As you know, most children with autism probably won’t be able to sit down with a list of addition or multiplication facts and memorize them on their own.

Our kids need a good bit of extra help, and I’ll show you what worked for us.

First of all, I must point out that I used a variety of techniques to help my son remember these concepts. We began with concrete examples as I explain below.

How to teach math facts to an autistic child

Start With Concrete Examples

Before attempting to teach your child with autism math facts, it’s important to begin by showing him what these equations mean.

If you chose to, you could start by simply having him memorize addition facts. But the problem is that many children with autism will see the symbols and not know what the equations mean.

One study among others shows that concrete examples help children with autism understand abstract concepts.

Concrete examples can take many forms, such as blocks, beads, tokens, pieces of food, or even small toys. You can use these materials to count out equations so he can see that two blocks plus three blocks equals five blocks.

We also used an  abacus  for this purpose. I highly recommend an abacus since it is a tool designed for giving your child a visual example of a math problem. 

This article gives you a step by step procedure for modeling an equation using an abacus or other concrete example such as blocks or beads. If you haven’t seen it or if you need a refresher, you can find it here.

Once I was confident that he understood what the written equations stood for, it was time to help him memorize them.

How I Taught My Son With Autism Math Facts

I followed this simple procedure successfully to teach my son with autism math facts (addition), and I must say, it worked quite well for him.  So well, in fact, that I plan to do this for subtraction, multiplication and division facts as well.

  1. Call out in consecutive order each equation in the zero series.  That is, 0+0=0, 0+1=1, all the way to 0+10=10.  As you call out each equation, have her write each one down (or have her type them on the computer).
  2. Repeat step 1 every day.  Eventually start leaving out the answers to see if she knows them.
  3. Now mix up the order and call them out that way.  0+5= , 0+2= , etc.  Give help as needed.
  4. Also supplement with other activities for review such as flash cards.
  5. Repeat steps 1 through 4 for the one series:  1+0=1, 1+1=2, all the way to 1+10=11.
  6. Repeat steps 1 through 4 for the two’s, three’s, etc. until she has learned the ten’s.
  7. (Optional) If you want to, you can also teach her the eleven’s and twelve’s.  It certainly can’t hurt, and it may be very helpful for her.

Teach Them in Order First

I found that first teaching the equations in consecutive order was helpful for my son. It presented the task in an organized fashion for him.

But soon he became too dependent on that ordering of the equations.  Take a look at the sequence below:

Predictably, he soon figured out that the answers were in consecutive order.  All he had to do was know how to count, and he would have all the right answers.

Of course, that’s not what we wanted.  He needed to know these equations regardless of the order in which they were presented.  So we had to mix up the order.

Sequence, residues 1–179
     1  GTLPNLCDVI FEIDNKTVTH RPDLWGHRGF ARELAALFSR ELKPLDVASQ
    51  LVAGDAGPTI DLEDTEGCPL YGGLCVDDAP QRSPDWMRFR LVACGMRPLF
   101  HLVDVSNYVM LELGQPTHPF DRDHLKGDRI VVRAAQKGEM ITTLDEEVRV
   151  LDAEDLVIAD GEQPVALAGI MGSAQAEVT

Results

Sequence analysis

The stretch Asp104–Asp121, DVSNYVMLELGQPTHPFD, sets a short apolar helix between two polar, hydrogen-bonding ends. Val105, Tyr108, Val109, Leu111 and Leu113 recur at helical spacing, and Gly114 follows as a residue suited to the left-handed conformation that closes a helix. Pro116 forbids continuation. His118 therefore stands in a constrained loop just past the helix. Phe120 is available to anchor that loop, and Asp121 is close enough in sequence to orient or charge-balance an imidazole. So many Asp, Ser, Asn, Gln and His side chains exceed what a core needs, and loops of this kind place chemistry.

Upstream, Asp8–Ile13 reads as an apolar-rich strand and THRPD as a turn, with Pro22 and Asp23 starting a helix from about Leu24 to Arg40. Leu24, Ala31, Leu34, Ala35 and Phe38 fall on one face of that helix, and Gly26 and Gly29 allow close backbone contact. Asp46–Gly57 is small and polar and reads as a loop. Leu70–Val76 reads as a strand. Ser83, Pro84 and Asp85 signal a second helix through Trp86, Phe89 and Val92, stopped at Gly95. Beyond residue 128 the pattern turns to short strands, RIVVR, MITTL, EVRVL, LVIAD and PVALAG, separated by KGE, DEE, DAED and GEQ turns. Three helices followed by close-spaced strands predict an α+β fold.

Mixing up the equations did throw him off at first.  But with a lot of patience and review, he learned them quite well.

Although your child may have different needs, I tend to think that most children with autism need that orderly presentation at first.  I believe it gives them an organized, better understanding of the math facts.

But once he learns them in that order, I would suggest mixing them up to be sure he knows them regardless of the order in which you present them.

Use Music to Review Equations

The video above is part 1 of an addition facts series. The Jack Hartmann Kids Music Channel on YouTube also features parts 2 and 3, which cover addition facts all the way through the tens.

Using music for memorization is a proven, effective method for learning many things. Music makes learning just about anything easier. For example, the tune from the alphabet song is commonly used to help kids learn their letters.

So here we have yet another way to review the math facts.  As I’ve stated earlier, it’s helpful to find different ways to reinforce these concepts.

Flash cards  are also very helpful, and I highly recommend using them as well. Here I explain how I used flash cards to teach my son with autism math facts and other basic concepts.

What’s Next?

Once my son learned his basic addition facts, I started teaching him double-digit addition, which involved some unique challenges for a person with autism.

Once I move on to subtraction, I plan to go back to showing him the equations on the abacus . I want to be sure he understands what these equations mean.  I also plan to do the same when we start learning multiplication and later on, division.

Teaching children with autism math facts can take a lot of time, patience and effort.  But if we keep working at it, even for a few minutes every day, I think they will surprise us with what they can do.

Within the next few months, I plan to publish a book explaining how to teach your child with autism basic math skills. If you would like to be informed of when the book is available for purchase and about tips and updates to this site, scroll to the top of this page and sign up for our newsletter.

How to teach math facts to an autistic child